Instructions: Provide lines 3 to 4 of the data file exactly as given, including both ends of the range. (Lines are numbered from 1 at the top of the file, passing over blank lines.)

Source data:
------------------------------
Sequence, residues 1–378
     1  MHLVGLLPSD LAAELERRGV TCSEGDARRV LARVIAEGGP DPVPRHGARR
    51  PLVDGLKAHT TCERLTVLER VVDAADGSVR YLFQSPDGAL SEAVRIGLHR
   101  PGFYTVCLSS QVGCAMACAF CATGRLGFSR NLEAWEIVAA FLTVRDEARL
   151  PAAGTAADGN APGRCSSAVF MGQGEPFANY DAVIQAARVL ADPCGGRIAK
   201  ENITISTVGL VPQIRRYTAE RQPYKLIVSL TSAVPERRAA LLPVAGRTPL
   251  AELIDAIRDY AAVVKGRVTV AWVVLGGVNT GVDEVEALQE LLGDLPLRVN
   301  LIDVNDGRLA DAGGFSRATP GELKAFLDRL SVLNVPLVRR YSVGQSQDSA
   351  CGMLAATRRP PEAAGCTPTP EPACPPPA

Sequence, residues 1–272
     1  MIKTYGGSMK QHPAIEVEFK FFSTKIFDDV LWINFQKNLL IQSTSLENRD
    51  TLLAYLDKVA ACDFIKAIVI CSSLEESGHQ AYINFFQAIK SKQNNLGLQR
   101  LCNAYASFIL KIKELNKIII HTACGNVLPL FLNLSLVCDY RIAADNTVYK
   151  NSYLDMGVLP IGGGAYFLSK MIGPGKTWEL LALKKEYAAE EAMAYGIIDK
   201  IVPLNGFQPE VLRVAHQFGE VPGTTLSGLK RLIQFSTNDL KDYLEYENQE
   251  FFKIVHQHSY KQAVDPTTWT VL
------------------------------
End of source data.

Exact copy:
    51  PLVDGLKAHT TCERLTVLER VVDAADGSVR YLFQSPDGAL SEAVRIGLHR
   101  PGFYTVCLSS QVGCAMACAF CATGRLGFSR NLEAWEIVAA FLTVRDEARL